Igniting an emotional connection to content inside the classroom can be a powerful tool for student retention, but intertwining technology and emotion in the classroom can be even more impactful. Flower Darby, senior instructional designer at Northern Arizona University, delves into how faculty can pair technology with course content to foster emotional processing in their students.
Darby says sometimes students just don’t resonate with content, but technology can overcome this disengagement by evoking a student’s emotion to better learn and retain material. Naturally, many of us are motivated by emotion, so it’s important to elicit positive emotions to hold a student’s focus, which can be done with the help of technology.
Today, faculty can take advantage of numerous technological tools to enliven content for their students in both traditional and online classrooms.
“When we do that, they engage more deeply, they understand better, they get it,” Darby says.
For instance, for those who teach Shakespeare, film adaptations and recordings of live performances can help make his linguistically demanding work resonate with students.
Additionally, Darby indicates that while some professors may think they should have students watch a movie outside of class by streaming it through a learning management system, this is a tactic to reconsider. The group experience of watching a powerful movie or video, such as a TED talk, gives students the opportunity to debrief immediately after watching.
Through powerful and moving media, students will better understand, relate to, and see the relevance of course material. To them, course content won’t resonate as meaningless information but instead may ignite an emotional response that helps them remember it for the rest of the course.
Audio is another influential tool. In audio recordings, speakers’ vocal intonations, inflection, pauses, and accents can help guide a story, poem, or book, and allow students to understand and connect to the material. But integrated technology doesn’t always have to be so direct. Teachers can use static images that are pertinent to the course, such as pictures of the aftereffects of major historical events, to evoke an emotional response.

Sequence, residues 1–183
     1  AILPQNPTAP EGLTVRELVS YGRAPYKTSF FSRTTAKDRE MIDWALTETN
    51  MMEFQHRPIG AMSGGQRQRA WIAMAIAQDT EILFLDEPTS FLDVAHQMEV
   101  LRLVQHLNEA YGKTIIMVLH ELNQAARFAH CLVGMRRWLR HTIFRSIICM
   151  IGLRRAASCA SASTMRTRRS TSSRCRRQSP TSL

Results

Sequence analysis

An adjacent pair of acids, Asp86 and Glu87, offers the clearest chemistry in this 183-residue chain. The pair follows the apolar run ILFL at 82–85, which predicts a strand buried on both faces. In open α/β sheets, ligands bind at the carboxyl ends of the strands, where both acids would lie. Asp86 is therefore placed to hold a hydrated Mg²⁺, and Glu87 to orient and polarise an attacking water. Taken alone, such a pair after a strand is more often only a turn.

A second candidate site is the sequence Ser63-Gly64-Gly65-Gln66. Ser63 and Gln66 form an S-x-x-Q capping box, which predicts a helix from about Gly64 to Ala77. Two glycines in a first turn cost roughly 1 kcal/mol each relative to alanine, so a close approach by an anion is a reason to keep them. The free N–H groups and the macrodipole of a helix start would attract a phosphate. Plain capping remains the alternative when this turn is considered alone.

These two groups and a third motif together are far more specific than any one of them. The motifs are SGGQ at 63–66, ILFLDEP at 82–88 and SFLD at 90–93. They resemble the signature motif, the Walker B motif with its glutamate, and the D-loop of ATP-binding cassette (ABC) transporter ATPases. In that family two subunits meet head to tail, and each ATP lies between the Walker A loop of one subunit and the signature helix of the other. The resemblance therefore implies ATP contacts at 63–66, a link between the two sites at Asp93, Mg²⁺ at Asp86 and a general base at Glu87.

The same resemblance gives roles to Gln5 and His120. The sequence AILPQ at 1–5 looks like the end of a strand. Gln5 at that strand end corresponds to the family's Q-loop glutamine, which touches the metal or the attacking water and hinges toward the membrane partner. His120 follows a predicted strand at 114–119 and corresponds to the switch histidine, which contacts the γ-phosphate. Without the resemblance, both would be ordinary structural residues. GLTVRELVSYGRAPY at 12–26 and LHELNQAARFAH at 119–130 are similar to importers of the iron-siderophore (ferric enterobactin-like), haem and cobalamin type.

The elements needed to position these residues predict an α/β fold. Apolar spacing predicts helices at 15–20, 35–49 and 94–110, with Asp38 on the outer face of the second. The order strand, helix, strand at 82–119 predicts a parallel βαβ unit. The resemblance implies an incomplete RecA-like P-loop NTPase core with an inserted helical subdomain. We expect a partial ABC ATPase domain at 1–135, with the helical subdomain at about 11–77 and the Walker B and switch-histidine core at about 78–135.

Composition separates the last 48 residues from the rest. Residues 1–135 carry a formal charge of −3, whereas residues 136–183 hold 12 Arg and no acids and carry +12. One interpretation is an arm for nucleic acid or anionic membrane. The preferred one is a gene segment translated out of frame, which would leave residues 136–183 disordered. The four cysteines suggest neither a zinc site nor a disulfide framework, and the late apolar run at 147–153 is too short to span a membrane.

Darby also recommends utilizing video conference solutions, which allow professors to bring experts into their classrooms from anywhere in the world. There are many ways to do this. For example, if students are reading an article, and it seems the author could provide supplemental material, it’s easy to set up a guest lecture using video conferencing technology. Darby says she guarantees students will gain more information from interviewing an individual and better connect with the content they provide.
There are also ways to target students’ emotions via online classes. One way is to incorporate contentious topics that students care about into discussion. Designing discussion forums in a way that allows students to bring their own emotions into the conversation will naturally foster participation, Darby says. It’s important to establish ground rules prior to these discussions, however, so students maintain a sense of respect despite any disagreements.
Overall, it’s important to utilize technology to elicit emotion and keep content entertaining, rather than have students explore content within a framework of boredom. Darby mentions how smartphones can innovate classroom projects, such as creating an advertisement via a smartphone with sound bites or video. Giving students autonomy to regulate their learning offers them an opportunity for self-reflection and improved retention.
“There’re all kinds of things that students can do with their technology,” says Darby. “So take a minute to think about using the technology that we have available in order to design emotion into our classes.”
Darby delves into even more detail in her 20-Minute Mentor program called How Can I Use Technology to Foster the Emotional Processing of Course Content?